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How to Get the Most from Your Social Media Manager

Would you expect a newly recruited chief financial officer to plan next year’s budget without first understanding your corporate priorities? Or a human resources manager on their first day to choose which employees should be let go without first letting them know who are your thought leaders and outstanding achievers?

No smart business would hand over the keys to the castle and send a new hire in at the deep end without a solid knowledge of the brand, the culture and the company’s future goals. But when it comes to adding a social media manager to the team, too many businesses simply supply them with their key pass, show them to their desk, and then leave them to it with the expectation that they will quickly begin to generate huge profits for the company.

Clearly this is not the best way to set your new employee up for success. Most companies know they need to do more to amplify their social media identity, but they do not fully understand what social media marketing is or, more to the point, exactly what a social media manager does. All too often, this leads to companies placing a new hire at the helm and crossing their fingers with the hope that all will go well.

To make the most of your new social media manager, you must at least begin with an awareness of the fundamental role they will play in your organisation: to be ‘social’, to be the centre of a network of social innovation that requires a connection and adequate communication with every other part of your business.

Your social media manager is an integral part of your company’s overall reputation management and acts as the voice of your company in social media circles. This is a great responsibility and something that cannot simply be handed over to a new hire without the proper background and preparation. If you are not going to step up to introduce them to what they need to know to effectively represent your firm, who will?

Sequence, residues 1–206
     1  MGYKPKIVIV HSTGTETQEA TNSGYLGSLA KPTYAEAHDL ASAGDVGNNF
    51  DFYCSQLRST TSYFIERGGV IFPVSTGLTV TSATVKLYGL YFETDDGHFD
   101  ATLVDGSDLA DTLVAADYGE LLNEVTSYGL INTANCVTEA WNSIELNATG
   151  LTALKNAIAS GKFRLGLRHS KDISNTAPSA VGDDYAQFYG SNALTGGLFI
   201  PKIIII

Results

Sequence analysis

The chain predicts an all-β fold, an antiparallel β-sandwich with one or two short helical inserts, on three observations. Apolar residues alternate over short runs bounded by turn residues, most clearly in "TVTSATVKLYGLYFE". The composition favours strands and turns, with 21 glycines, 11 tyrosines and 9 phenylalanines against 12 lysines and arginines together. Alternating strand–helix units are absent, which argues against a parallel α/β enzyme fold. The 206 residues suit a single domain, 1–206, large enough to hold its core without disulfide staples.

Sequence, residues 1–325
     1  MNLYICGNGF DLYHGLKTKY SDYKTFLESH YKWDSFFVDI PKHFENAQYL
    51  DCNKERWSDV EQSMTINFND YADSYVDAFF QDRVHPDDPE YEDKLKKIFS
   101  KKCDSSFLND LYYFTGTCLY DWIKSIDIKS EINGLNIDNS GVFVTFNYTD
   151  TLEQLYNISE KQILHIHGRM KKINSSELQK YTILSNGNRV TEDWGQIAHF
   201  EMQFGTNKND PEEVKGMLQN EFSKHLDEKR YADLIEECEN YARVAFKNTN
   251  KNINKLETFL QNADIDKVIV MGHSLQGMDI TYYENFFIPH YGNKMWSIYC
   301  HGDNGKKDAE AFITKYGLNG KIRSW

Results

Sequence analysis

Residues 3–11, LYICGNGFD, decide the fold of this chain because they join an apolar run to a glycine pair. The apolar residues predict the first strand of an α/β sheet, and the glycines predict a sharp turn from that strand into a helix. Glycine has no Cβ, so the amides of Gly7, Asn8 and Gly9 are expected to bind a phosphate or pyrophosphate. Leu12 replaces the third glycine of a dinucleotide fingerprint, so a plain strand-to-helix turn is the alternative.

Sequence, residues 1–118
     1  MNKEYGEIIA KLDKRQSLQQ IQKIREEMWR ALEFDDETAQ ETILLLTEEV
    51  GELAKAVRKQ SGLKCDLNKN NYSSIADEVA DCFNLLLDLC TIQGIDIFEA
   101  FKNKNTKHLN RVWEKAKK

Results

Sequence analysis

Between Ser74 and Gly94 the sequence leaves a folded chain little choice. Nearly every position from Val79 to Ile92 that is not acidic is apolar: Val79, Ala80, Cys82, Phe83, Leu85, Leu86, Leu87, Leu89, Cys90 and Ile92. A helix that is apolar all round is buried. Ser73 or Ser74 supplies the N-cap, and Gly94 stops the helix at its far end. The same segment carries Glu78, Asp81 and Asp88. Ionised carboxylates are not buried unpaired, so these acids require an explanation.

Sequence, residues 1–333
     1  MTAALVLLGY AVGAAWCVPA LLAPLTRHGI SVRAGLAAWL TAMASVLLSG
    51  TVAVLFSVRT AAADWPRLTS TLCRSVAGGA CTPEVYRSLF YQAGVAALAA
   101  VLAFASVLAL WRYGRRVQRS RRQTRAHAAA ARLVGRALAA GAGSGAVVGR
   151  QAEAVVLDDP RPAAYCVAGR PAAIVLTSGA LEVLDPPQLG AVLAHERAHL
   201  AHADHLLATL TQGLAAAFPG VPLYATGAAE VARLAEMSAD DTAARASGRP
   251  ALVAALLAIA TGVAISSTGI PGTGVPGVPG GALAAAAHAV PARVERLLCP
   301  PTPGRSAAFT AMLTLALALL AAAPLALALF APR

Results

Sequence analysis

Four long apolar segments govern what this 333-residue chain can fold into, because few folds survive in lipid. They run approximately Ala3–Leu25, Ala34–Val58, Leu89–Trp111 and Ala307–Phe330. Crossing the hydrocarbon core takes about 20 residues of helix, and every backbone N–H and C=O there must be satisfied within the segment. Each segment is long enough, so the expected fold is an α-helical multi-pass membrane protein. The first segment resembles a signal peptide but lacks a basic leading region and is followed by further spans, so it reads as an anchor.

Your social media manager may have the skills and knowledge to take your company to the next level, but to most effectively do their job, they need to understand your business from the ground up. Your brand has a particular tone and style, ethos, culture, language and persona that must be conveyed in every piece of social content published online. They need to understand your company’s particular challenges, become familiar with your competitors, know which lines cannot be crossed, and be connected to every facet of your firm. They need to be introduced to each department, have at least a basic understanding of what each does and spend enough time with your Legal and Security teams to feel confident that they can comfortably stay within the confines of what is legally acceptable for them to say and do in social media environments.

Just as important is a meeting with IT and Technology to help them better understand your company’s current technological limitations within which they will be working and to be able to best decide which boundaries to push to expand technological capabilities to take your company to the next level.